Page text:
3. Liz is told she must attend a bachelor party at a strip club. She is not excited. (Let’s ignore, for the moment, the fact that in the pilot episode of the series, she went to a strip club and had a fine time. Continuity isn’t exactly the show’s strong suit.) Liz, like many people, male or female, is disgusted by the idea of strip clubs in general. She seems to think them misogynistic. When she leaves for the club, she weakly exclaims, “Yeah! Let’s see some naked daughters and moms!” Once again, to the writer of this episode, “gender equality” means “if women want to be taken seriously as human beings, they have to do every dumbass thing jerkish men do, regardless of whether it makes sense or is ethical.”

    Men fart more often, even when it is obviously inappropriate; therefore, Liz needs to fart and allow farting. Men, on average, are taller and have longer arms; therefore, Liz needs to act as if she’s tall, even when she clearly isn’t. Men like degrading women in strip clubs; therefore, Liz needs to degrade women in strip clubs, too. What next? Men murder and rape more than women; therefore, Liz needs to start murdering and raping to be considered an equal?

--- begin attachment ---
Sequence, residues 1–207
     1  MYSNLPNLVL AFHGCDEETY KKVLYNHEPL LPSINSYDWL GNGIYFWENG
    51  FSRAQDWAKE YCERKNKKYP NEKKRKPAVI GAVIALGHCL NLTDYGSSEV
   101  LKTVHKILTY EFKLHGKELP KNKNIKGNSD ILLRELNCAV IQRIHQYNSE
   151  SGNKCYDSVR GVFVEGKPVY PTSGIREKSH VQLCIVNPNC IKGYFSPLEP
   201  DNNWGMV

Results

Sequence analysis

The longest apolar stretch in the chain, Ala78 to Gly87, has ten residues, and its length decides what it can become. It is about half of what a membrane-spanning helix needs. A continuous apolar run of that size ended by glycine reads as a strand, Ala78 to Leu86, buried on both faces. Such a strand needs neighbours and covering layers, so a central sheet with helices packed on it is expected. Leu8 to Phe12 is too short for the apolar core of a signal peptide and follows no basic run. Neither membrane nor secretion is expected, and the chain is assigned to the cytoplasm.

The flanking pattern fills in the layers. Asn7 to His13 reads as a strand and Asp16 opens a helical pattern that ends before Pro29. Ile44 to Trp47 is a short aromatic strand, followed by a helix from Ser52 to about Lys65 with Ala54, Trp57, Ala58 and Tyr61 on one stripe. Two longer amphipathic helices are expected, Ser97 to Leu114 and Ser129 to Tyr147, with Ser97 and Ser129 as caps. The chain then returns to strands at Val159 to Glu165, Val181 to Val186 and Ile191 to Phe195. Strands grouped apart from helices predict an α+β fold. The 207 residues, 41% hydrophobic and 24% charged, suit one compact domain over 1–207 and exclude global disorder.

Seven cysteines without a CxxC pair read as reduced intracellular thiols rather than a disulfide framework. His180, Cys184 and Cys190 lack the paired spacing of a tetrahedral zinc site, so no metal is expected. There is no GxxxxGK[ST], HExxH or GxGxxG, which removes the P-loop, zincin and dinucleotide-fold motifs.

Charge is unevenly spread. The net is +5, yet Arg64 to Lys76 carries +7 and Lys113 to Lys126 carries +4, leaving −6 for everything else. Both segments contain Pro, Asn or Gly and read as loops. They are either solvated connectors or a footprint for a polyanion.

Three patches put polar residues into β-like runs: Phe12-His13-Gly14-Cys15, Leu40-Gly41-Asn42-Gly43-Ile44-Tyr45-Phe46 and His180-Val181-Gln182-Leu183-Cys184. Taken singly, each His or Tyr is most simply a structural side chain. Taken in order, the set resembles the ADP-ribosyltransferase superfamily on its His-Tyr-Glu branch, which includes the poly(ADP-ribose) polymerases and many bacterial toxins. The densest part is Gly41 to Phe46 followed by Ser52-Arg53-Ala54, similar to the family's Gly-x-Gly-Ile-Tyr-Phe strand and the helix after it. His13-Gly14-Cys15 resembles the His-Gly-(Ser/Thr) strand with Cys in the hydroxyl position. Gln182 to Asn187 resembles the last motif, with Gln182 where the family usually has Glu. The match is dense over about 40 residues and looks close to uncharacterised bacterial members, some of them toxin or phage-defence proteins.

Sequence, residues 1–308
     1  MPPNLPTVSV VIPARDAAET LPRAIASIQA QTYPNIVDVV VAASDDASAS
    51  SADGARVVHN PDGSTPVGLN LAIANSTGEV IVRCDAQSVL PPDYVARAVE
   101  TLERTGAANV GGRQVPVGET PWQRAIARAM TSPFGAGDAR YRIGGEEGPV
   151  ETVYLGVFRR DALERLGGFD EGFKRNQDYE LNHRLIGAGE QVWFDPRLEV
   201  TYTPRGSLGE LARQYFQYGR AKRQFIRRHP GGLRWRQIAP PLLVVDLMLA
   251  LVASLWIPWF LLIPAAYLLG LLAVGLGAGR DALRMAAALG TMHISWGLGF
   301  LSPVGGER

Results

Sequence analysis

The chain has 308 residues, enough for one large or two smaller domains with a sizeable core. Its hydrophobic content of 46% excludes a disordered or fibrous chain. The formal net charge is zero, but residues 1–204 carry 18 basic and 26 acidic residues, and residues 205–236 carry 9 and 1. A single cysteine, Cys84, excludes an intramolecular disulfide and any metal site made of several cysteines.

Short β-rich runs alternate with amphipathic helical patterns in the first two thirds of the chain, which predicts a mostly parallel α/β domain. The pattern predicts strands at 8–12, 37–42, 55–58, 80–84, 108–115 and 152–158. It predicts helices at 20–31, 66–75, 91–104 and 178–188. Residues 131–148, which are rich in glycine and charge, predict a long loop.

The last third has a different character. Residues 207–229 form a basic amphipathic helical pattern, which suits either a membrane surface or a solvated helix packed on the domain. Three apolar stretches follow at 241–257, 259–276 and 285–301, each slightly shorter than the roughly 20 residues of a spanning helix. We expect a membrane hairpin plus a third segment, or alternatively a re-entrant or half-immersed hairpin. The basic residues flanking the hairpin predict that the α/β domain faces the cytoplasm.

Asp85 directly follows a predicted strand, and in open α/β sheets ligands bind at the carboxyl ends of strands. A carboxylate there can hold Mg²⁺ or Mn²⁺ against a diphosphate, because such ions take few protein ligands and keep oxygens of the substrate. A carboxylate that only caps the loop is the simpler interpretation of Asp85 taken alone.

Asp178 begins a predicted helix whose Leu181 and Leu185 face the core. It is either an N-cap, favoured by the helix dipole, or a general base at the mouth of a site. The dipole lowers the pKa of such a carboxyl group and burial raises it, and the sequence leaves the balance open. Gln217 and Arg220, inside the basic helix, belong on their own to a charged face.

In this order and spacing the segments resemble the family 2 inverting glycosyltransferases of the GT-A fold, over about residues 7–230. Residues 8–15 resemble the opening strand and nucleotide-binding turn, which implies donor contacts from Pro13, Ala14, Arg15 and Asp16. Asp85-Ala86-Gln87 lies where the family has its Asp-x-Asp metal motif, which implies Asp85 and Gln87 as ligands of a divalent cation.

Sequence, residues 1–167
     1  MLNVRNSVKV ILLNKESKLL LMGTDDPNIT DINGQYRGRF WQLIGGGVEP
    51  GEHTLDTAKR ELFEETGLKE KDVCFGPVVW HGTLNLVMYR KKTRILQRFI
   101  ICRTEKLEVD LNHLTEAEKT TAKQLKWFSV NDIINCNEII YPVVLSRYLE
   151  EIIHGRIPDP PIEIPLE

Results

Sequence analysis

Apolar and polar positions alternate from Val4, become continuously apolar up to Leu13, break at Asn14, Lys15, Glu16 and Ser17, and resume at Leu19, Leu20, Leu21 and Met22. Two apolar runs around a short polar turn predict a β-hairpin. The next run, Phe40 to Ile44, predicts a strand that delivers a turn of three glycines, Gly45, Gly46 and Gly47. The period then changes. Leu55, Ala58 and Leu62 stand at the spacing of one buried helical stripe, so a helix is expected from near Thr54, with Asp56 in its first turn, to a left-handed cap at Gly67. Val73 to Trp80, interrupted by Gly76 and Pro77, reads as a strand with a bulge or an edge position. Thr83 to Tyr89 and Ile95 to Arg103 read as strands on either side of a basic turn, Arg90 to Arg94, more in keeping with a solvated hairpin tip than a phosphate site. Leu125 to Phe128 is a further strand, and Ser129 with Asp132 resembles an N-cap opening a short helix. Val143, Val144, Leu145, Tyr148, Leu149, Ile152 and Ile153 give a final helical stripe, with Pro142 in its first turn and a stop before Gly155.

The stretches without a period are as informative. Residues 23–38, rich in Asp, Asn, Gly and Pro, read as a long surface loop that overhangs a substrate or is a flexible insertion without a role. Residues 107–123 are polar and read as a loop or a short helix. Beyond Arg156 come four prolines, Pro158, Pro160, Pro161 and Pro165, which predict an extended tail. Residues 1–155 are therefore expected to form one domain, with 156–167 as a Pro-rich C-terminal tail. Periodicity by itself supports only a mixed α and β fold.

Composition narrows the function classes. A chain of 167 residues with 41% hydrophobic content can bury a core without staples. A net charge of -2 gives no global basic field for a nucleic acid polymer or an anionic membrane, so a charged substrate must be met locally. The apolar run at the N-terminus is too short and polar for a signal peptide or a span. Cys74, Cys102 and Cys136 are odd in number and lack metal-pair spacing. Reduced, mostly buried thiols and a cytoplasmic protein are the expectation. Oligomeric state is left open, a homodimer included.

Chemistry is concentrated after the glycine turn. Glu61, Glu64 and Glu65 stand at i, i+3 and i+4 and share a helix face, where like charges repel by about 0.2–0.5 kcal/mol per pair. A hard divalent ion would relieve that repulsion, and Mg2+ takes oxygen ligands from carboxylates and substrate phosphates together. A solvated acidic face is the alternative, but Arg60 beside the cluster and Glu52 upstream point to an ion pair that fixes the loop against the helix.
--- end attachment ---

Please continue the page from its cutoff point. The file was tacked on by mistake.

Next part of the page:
10. Victoria #

    Great article. I’m really curious about the placing of some of those television programs as well. The Hills is conservative? Judging from the limited amount of Hills-related knowledge that somehow forced its way into my brain without my consent, is there any place for politics on that show at all?


  11. Tom P #

    I didn’t see the episode, so I don’t know the direct context but — was it based around her desire to be treated like “one of the guys” or “be treated the same as everyone else”? If that was the case, then it was probably an over the top goof on “be careful what you wish for.” Yes, a group of male comedy-writers working in an office together would probably try to outfart each other. They’d probably find it funny. They wouldn’t do it with a woman around. I think if you were to post the poll, most people would prefer to work in a fart free environment, but most men would find an inappropriate fart-off amongst their officemates to be funny. Asked if they would have an inappropriate fart-off with a woman in the room, probably not.